Madelyn Lugli (Class of ’16)
Madelyn Lugli (’16) participated in the Dublin Study Abroad Semester Program and the Irish Internship Program while at Notre Dame. Madelyn started her history Ph.D. coursework at Northwestern University this fall. She writes about her experience abroad and how it gave her a more global perspective as a historian.
To some, Ireland can seem like a small place. A relatively rural island, separated from mainland Europe, with a population of approximately 4.7 million (compared to the neighboring United Kingdom’s 65.6 million). This assessment is not without grounding. Yet, while studying, interning, making friends, and traveling in Ireland, I developed the capacity to identify, contextualize, and relate to global trends, phenomenon, and events. This ability made me a better historian, while also improving my understanding of an increasingly globalized world as one of its many citizens.
On a particularly cold and rainy day, I set off with forty of my newest friends to Belfast as part of a Dublin Study Abroad program trip. The Irish history course offered by the program prepared us for the sightings of political murals, stories of sectarian violence, and the presence of the dividing wall in Belfast, as well as the signs of a community moving forward from its recent troubled past. What I had not anticipated seeing, however, were the Israeli and Palestinian flags that cropped up throughout the city, sparking in me an endless curiosity. What, I wondered, causes some members of this intimate Belfast community, with its extremely particular and local history, to identify with the far-off, complex, and, for Northern Ireland, largely economically irrelevant, communities of Israel and Palestine, with which they share no language, religion, or origin? I left Belfast beginning to realize how seemingly distinct communities, isolated events, and specialized policies, can be contextualized, connected, and acted upon by others internationally.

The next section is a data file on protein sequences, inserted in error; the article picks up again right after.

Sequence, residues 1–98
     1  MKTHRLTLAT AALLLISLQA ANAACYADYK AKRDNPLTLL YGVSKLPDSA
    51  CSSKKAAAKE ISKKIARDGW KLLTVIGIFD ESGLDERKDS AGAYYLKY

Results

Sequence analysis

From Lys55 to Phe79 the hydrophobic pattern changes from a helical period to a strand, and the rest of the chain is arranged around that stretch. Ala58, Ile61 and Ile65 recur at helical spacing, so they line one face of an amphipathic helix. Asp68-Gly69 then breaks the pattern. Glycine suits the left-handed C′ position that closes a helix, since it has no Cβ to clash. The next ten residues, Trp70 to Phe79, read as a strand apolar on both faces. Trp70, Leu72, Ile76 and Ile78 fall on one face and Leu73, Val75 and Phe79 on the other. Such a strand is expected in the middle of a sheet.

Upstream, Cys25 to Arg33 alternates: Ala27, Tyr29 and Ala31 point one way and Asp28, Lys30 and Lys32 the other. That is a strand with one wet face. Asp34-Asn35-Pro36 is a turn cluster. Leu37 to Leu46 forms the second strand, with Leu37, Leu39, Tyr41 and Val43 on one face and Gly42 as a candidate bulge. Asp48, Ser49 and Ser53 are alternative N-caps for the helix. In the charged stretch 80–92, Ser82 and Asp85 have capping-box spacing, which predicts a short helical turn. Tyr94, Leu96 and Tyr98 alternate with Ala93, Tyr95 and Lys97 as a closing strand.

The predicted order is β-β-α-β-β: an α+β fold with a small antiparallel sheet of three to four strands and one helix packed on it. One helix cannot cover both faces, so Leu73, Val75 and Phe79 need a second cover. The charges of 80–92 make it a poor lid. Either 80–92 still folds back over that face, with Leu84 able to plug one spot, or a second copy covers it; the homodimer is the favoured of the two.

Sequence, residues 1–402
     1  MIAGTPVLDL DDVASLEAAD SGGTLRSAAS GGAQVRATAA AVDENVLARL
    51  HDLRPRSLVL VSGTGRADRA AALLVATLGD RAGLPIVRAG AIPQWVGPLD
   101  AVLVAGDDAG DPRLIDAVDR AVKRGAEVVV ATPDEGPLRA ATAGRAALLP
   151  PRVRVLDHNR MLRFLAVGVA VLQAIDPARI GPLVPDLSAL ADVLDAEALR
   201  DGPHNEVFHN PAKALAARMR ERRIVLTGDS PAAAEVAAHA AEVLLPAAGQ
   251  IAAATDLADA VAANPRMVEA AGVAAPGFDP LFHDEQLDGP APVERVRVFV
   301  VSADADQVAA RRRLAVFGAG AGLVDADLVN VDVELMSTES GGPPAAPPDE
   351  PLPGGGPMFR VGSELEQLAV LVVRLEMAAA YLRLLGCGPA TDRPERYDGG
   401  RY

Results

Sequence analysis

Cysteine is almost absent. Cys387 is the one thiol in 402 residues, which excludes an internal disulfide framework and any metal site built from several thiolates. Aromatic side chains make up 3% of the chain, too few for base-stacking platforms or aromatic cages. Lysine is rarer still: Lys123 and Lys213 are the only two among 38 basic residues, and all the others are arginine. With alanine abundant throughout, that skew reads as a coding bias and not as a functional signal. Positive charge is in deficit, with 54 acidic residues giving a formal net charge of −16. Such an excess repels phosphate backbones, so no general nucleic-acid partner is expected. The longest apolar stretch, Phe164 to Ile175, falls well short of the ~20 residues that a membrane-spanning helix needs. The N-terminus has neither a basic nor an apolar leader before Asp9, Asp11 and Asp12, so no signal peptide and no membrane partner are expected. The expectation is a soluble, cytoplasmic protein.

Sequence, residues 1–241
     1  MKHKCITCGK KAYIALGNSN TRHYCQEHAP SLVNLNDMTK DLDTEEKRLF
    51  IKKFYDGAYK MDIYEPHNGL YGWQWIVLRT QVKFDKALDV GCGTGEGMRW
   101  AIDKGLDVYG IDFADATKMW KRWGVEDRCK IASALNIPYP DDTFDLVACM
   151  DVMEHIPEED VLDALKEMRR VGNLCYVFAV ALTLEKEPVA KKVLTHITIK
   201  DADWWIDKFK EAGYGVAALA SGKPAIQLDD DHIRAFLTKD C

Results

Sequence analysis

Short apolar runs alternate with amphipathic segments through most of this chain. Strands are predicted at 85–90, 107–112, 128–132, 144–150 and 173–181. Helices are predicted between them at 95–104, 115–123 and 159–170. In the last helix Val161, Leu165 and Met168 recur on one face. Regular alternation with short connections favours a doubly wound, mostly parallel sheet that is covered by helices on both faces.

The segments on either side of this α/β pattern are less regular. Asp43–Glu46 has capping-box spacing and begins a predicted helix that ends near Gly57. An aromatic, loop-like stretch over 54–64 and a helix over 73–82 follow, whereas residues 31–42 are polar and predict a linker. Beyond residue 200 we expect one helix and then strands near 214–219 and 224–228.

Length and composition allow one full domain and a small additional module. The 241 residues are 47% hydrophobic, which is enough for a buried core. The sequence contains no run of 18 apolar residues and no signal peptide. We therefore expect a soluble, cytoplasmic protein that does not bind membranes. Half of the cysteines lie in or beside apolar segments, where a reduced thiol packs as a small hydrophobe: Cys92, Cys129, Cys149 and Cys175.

As my time in Ireland progressed, I continued to notice the entanglements between Ireland and the broader world. While working at the National Museum of Ireland, I walked through the exhibits that presented the global aspects of Ireland’s national history. For example, the exhibit on Ireland’s 1916 Rising included information not only on the actions taken that week in Dublin, but on the roles of Irish-Americans, the Great War, and Germany in that event’s broader planning. In the museum, I also saw the ways in which Irish history contributed to a global history. Through exposure to exhibits on Irish participation in conflicts abroad, including my own country’s Civil War, I began to question the private nature of national narratives that often limit history to the imagined borders of states, and thus reconsidered my approach to the national and the global as a historian.
Madelyn exploring on the Aran Islands
By the end of my time in Ireland, the stark dichotomy between the global and the national that previously dictated my understanding of history and current events had significantly deteriorated. As a graduate student, I use my newly fostered perspective on the global and the domestic as correlated entities to shape my work; wherein I seek to demonstrate the significance of national events, like the American Civil War, to international communities, such as the Irish Diaspora. Furthermore, as a citizen of the world, I have a heightened awareness of how seemingly distant local events, in places like Palestine and Israel for example, can have meaningful international implications for peoples far beyond those local borders, for instance in communities like Belfast. This has led me to become an avid consumer of news, both local and international, and a politically engaged citizen. I am deeply grateful for the Notre Dame study abroad experience and internship programs on that small island of Ireland. It gave me the strongest insight I received in my undergraduate career into our expansive and interconnected world.
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Originally published by dublin.nd.edu on September 26, 2018.at